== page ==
An exhibition by Manolo Ty in collaboration with Gudskul and Friends

Manolo Ty (Hagen, Germany) is a photographer with a special interest in the diversity of cultures, traditions and intercultural understanding around the world. For his photographs he has travelled to more than 100 countries to date. His work has been shown in more than 70 international exhibitions. He is the author and photographer of two coffee-table books on contemporary Pakistan as well as the director and producer of the documentary film "Gender X". With his works Ty wants to raise awareness of traditions and environments that are under threat as well as create a global forum for promoting an understanding of different cultures.

Every photograph captures a specific moment of light in time and depicts a concept that the photographer wants to share. But its visual aesthetics are seen by every viewer in a different way. The background of each and every spectator leads to their very own perspective and interpretation of the same image. On his visit to Jakarta, precisely to the Gudskul Ecosystem, Manolo wanted to conduct an experiment. He asked that several artists and friends of Gudskul would respond to his work without restrictions of any kind. Each of Manolo's photographic prints are boldly reinterpretated, composed, and connected with other visual elements into a collaborative work of art. All in accordance with the the personal interpretation of observing Manolo's work for the first time.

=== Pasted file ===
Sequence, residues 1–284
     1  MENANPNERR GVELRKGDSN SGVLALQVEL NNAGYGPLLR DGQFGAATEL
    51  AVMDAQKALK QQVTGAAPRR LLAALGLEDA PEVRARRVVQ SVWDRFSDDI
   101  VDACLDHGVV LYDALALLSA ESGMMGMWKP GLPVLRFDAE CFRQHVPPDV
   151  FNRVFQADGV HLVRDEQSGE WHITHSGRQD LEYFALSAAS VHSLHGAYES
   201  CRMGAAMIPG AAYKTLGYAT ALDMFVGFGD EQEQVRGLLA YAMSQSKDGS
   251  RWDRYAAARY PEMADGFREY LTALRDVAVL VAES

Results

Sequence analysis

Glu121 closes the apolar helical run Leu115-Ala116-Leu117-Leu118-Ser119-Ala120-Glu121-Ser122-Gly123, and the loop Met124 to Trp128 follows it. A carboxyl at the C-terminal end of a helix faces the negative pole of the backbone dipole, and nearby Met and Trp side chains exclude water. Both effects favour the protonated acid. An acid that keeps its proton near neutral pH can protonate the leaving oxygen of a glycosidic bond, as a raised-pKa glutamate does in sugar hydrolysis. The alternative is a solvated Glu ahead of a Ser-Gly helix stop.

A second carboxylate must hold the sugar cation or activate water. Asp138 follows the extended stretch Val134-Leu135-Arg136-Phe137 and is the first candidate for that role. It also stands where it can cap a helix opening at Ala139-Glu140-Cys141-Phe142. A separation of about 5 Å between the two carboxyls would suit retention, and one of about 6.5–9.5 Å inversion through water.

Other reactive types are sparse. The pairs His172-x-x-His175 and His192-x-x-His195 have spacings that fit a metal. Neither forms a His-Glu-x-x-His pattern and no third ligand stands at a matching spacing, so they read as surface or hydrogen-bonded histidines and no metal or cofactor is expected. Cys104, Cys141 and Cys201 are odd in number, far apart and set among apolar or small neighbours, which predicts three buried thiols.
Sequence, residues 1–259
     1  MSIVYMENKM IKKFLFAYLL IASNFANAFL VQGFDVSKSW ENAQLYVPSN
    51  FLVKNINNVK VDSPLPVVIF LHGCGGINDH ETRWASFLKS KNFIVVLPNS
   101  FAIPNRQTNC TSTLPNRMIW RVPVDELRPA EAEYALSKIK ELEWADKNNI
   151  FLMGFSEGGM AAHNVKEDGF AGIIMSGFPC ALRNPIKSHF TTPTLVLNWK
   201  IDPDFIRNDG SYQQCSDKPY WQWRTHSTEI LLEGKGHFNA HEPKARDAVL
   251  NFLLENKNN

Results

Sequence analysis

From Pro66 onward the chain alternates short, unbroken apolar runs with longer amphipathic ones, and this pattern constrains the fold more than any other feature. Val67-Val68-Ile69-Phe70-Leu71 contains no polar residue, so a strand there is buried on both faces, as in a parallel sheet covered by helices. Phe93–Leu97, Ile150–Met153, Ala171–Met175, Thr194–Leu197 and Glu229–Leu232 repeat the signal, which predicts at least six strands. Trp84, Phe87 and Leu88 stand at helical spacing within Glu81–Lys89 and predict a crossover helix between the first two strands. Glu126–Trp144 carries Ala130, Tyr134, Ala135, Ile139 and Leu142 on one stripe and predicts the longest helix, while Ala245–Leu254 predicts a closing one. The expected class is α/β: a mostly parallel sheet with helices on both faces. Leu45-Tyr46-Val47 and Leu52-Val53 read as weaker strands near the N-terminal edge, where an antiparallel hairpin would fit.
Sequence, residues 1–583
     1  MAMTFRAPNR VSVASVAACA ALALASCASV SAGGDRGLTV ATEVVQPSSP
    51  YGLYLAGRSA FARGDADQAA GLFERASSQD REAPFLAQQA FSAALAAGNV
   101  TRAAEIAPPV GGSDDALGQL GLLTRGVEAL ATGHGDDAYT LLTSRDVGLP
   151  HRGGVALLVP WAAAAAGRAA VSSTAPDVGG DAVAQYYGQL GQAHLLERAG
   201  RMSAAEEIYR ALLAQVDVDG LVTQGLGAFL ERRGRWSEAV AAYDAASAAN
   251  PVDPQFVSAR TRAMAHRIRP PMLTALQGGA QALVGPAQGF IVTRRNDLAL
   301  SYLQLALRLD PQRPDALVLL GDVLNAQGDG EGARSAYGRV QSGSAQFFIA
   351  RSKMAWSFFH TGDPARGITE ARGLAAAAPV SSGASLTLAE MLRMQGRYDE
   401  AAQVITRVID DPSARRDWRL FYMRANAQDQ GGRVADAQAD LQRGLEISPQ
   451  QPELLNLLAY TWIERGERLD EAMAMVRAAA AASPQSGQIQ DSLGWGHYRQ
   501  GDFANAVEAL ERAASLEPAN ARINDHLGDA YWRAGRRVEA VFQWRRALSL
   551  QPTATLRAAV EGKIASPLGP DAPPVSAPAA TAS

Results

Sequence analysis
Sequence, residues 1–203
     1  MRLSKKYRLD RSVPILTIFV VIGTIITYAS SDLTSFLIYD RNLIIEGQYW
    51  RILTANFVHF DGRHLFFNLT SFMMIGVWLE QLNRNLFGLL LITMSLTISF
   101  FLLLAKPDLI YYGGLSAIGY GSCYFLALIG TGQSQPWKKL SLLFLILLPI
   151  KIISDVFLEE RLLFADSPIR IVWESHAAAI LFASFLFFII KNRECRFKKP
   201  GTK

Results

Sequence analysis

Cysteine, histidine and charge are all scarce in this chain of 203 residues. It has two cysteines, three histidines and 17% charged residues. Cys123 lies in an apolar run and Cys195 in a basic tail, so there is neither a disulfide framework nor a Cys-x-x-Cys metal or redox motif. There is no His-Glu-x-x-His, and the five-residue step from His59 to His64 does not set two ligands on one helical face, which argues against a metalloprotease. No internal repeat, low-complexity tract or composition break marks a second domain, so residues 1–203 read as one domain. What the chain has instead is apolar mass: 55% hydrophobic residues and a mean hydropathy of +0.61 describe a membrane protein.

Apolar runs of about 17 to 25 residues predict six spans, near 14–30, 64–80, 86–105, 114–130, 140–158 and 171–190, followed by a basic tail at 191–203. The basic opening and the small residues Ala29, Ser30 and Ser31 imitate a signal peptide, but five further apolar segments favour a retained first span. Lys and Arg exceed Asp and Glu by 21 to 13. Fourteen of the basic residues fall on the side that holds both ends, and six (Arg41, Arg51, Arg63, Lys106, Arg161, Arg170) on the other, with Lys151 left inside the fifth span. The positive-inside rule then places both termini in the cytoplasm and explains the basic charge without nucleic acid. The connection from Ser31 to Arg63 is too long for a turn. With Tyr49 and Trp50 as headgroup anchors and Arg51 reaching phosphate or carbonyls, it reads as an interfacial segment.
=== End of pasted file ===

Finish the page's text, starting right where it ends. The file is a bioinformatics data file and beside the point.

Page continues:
As a member of GUDSKUL, I was invited to join this group exhibition by responding to Manolo Ty's printed photographs however I wanted. I picked 3 different photographs to which I responded with embroidery and permanent marker.

Scroll down to view my works


I chose Manolo's photograph which depicts a figure bowing down as they go through a praying ritual. I embroidered the piece with a white string and golden beads to give it a feel of a carpet.

I displayed the artwork on a low pedestal so that visitors need to bend down to look at it. Hence, the visitors unintentionally replicates the posture of the figure in the picture when looking at the work.

Embroidered photograph

Display of the work in the exhibition

Illustration of what the audience had to do to view my work

Close-up detail of the embroidery


I responded to Manolo's photograph of several fishes swimming together to look like one bigger fish.

I embroidered rainbow flat circular beads to emphasize the scaly texture of the fish. I sewed them in a way that the colours are reversible by touch.

Side 1: Bottom fish's scale is purple

Side 2: Bottom fish's scale is green


The last picture I chose was one which brought nostalgic emotions of flying in a plane. I connected the nostalgic emotions associated with travelling to the nostalgia of playing hopscotch as a child, travelling from one box to another and back.